Bill Mitchell imagines the 3200 inscribed white crosses that line Cranmer Square as small bodies of Cantabrians killed in World War 1.
The 104-year-old will lead the Anzac Day march in a Jeep on April 25, to remember those who lost their lives.
As part of the commemorations, 3200 crosses were laid out on Tuesday, which represent the men and women who died in the first three years of the war.
They are part of the four-year-long Regional Fields of Remembrance Project, where the number of crosses placed there each year correlates to the number of those killed at that point in the war.
Mr Mitchell lost an uncle in World War 1, and he served in the Air Force as a ground engineer in the Pacific during World War 2.
He said during both wars, “life was cheap”. He lost many “mates” while he served in World War 2, and afterwards.
Next year, more crosses will be laid out on the square, as it will represent the final year of the Great War.
A special ceremony will be held in Auckland on Armistice Day, where every cross in the country will all be placed on display to mark the end of the war.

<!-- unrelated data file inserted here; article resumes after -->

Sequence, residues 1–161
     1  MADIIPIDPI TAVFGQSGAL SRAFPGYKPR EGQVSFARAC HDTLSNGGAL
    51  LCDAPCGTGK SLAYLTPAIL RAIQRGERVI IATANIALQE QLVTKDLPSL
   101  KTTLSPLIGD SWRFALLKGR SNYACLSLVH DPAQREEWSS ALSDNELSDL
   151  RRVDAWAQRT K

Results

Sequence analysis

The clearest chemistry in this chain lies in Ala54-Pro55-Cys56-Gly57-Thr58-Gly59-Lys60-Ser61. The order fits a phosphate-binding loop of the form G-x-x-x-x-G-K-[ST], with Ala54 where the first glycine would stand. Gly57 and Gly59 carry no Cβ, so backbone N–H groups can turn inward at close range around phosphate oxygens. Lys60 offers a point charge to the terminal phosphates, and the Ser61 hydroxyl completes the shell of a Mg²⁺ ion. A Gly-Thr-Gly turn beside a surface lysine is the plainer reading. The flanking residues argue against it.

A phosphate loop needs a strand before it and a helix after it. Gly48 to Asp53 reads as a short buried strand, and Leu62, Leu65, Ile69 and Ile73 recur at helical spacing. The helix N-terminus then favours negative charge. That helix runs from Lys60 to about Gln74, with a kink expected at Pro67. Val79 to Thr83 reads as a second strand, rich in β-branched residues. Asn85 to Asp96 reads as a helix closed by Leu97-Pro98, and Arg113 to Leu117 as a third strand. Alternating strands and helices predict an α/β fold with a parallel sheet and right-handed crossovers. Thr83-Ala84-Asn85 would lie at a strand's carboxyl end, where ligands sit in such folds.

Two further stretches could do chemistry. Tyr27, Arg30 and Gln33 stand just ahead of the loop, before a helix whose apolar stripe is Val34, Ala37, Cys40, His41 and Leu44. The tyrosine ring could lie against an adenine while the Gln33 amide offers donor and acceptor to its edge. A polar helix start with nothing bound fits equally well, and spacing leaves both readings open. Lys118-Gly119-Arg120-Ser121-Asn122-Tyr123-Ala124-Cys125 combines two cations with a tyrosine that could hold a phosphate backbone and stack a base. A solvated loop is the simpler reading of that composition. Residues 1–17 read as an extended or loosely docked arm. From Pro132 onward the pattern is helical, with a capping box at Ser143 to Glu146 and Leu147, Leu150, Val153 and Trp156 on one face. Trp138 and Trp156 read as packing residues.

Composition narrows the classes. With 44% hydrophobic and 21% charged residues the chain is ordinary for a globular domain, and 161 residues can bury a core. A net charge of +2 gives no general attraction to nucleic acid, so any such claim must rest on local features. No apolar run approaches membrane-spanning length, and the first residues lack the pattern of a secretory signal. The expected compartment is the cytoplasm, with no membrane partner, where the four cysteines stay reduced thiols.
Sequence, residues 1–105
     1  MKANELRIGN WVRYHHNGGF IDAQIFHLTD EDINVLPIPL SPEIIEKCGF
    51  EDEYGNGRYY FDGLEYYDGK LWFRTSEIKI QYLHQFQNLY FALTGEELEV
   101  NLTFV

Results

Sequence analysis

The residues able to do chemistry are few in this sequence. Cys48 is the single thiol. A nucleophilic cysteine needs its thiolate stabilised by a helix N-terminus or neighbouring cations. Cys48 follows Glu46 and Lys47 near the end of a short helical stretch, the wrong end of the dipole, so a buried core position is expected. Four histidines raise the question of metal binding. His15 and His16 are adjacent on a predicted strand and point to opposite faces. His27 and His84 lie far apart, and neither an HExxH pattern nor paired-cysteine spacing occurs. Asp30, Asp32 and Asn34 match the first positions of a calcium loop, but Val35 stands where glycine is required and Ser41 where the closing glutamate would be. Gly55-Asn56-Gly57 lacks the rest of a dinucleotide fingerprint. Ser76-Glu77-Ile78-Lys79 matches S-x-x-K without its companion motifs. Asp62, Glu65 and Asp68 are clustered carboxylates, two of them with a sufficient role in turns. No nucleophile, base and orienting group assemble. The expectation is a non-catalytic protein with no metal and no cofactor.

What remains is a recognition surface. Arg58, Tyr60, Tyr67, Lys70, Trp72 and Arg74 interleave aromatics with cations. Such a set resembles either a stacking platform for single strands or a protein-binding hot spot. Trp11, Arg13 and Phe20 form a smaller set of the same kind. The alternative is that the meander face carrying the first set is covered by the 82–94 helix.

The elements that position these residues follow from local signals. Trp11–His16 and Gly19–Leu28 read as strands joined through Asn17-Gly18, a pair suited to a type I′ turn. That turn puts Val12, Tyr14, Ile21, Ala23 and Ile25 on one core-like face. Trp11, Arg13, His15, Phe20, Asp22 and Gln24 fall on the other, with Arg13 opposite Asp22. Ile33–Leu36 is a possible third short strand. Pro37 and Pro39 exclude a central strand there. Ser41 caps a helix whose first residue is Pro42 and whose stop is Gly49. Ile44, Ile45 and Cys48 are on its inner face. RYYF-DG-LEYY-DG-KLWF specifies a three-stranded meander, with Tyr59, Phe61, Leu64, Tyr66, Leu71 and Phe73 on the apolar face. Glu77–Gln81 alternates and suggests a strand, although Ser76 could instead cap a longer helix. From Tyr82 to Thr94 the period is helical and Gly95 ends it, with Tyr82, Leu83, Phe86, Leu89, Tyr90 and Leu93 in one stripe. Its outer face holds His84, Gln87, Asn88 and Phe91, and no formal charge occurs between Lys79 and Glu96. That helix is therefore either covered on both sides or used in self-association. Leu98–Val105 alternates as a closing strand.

Christchurch RSA president Pete Dawson said the crosses were a poignant reminder of how many men and women were killed.
“New Zealand had a population of one million people in 1915 and of that, 10 per cent went to fight in World War 1. Of that 10 per cent, 18 per cent did not return home.”
Anzac Day dawn service MC Paul O’Connor MBE, said the crosses showed the scale of what really happened during World War 1, and in each year it went on for.
The Dawn Service will be held at Cranmer Square on April 25 from 6am.
Lieutenant Colonel Sir Walter Hugh Malcolm Ross GCVO OBE DL will be a special guest at the service.
He is the Lord Prior – the third most senior individual within the Order of St John, under the Sovereign Head the Queen, and the Grand Prior.
Each year, more than 15,000 people attended the service.